A Pentecostal social imaginary takes practice; it is practice. In other words, a Pentecostal worldview is first embedded in a constellation of spiritual practices that carry within them an implicit understanding. Pentecostal worship performs the faith.
Worship within these churches facilitates an encounter with the Spirit which results in transformation, as summarised in a passage written by my co-author Ed Phillips in a review of Pentecostal Arts for the journal Liturgy,
This experience is not just a mere awareness of the presence of the numinous as in some other patterns of liturgical reform. For Pentecostals, worship is a full-body, participatory engagement with God. The common hallmarks of Pentecostalism (speaking in tongues, spiritual healing, divine prophecy, miraculous signs) manifest God’s presence. Thus, worship is an embodied, participatory, ecstatic encounter with the Holy Spirit.
Pentecostal churches are said to share a “family resemblance”, with their continuing focus on the Spirit’s involvement in worship a feature in the dances, music, and visual elements of the worship service.
However, churches across various denominations often now widely share similar artistic strategies for evangelism, many of them drawn from Pentecostal origins. While congregations may differ in official doctrine and may stylize things differently, their worship teams often sing the same songs, share similar graphic design images and visuals, and may even screen the same videos; all sourced online. This has intensified the sense of what is “in vogue” aesthetically for churches, as new products hit the market – but this is especially true for Christian worship music.
Nowadays, recording artists (and church groups) distribute professionally produced congregational songs to be sung all around the world. Although local artists still create and share their creations, the global distribution power of a few Christian publishers is unprecedented due to their longevity and output. Song sharing websites have now largely replaced the more centralized denominational hymnals, with worship resources obtained online – such as CCLI, SongSelect, www.worshiphousemedia (and countless others).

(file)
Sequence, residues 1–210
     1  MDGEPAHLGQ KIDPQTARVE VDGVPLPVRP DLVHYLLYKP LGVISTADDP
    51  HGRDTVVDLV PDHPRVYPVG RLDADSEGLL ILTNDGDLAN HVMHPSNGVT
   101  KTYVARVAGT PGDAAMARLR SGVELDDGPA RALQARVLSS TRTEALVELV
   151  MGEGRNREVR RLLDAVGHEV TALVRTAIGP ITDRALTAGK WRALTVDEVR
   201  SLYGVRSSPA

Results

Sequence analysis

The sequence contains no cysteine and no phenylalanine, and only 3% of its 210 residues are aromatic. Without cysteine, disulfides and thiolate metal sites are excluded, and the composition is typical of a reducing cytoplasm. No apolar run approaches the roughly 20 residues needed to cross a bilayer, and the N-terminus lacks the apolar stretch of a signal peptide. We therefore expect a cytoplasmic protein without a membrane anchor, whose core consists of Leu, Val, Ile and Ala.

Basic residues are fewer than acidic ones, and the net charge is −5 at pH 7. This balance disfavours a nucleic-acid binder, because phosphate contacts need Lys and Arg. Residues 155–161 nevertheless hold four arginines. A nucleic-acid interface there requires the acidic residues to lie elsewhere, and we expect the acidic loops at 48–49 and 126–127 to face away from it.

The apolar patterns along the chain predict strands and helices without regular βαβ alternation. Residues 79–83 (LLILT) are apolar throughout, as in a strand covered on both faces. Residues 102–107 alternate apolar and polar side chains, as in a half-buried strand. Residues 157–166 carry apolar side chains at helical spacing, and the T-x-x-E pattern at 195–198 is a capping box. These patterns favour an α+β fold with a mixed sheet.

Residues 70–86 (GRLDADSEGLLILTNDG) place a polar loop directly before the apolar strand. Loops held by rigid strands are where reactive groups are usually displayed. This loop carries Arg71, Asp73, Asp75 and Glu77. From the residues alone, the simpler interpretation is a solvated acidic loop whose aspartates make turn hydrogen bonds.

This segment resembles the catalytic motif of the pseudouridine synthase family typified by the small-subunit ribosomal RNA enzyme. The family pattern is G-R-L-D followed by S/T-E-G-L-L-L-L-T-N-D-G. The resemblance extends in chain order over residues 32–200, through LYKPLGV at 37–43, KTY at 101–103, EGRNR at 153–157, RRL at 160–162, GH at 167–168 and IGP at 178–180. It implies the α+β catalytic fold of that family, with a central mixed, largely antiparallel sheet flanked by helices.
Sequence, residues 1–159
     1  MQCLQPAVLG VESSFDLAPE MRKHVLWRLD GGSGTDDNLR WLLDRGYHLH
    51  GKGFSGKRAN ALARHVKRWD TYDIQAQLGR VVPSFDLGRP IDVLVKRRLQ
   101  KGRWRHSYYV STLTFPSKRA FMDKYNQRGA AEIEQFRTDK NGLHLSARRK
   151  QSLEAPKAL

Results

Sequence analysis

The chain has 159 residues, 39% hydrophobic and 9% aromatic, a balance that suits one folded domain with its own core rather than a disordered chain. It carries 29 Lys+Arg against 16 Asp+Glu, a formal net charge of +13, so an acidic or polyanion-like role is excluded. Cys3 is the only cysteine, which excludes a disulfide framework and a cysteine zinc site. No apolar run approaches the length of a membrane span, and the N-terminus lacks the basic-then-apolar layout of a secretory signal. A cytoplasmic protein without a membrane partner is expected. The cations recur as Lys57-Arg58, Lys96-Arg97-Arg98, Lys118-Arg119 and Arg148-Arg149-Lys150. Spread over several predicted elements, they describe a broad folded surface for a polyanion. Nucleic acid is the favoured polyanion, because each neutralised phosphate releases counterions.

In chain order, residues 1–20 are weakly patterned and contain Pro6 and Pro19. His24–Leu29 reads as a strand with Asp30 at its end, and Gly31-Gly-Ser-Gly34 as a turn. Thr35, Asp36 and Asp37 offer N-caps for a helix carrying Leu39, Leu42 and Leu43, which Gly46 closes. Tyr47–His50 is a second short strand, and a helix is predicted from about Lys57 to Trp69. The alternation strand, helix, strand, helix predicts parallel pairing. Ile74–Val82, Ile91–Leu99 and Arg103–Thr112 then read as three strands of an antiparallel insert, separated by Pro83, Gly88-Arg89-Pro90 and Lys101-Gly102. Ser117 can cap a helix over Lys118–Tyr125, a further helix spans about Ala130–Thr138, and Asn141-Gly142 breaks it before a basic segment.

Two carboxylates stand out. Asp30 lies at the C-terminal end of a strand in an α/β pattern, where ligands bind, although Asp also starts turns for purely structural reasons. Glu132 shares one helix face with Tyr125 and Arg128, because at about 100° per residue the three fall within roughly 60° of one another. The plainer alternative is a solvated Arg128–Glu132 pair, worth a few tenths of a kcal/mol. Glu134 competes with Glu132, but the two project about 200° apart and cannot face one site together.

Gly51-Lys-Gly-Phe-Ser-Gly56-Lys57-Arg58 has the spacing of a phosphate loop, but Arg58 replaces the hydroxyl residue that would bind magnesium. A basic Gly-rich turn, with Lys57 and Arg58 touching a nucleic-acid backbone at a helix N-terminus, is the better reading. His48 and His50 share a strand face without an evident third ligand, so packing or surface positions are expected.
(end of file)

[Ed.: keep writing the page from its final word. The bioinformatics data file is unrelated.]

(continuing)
Arguably, the desire to use artistic forms that enhanced Spirit encounter encouraged the movement away from denominational liturgical programming towards freer liturgical styles. In some traditional churches, conflict arose when contemporary praise bands and informal language replaced the denomination’s liturgy. Theologian Marva Dawn describes these differences in stylistic preferences as “the worship wars.” Today, however, many congregations who worship with a variety of traditional and contemporary worship arts may describe themselves as having “blended” worship.
While the Pentecostal world has influenced Evangelicalism, there are also clear borrowings the other way. Perhaps we could even view Pentecostal song repertoire, particularly its evangelical focus, as a progression from Evangelicalism’s history, as will be explored here. These songs could be considered profoundly evangelical. Like Pentecostal churches, evangelical churches have always been culturally and theologically diverse. Therefore, in search of common or core commitments, Bebbington designed a quadrilateral to identify four pillars of evangelical belief: commitment to the Bible, to the cross, to individual conversion, and active evangelism. All these are features of Pentecostal theology and are adopted into their art forms. Megachurches are considered particularly evangelical in theology, and most would adhere to The Lausanne Covenant, whether or not they are formal signatories to the statement. So, despite Evangelical attempts to distance from other characteristics of Pentecostalism (such as glossolalia or “speaking in tongues”), there is a blurry line.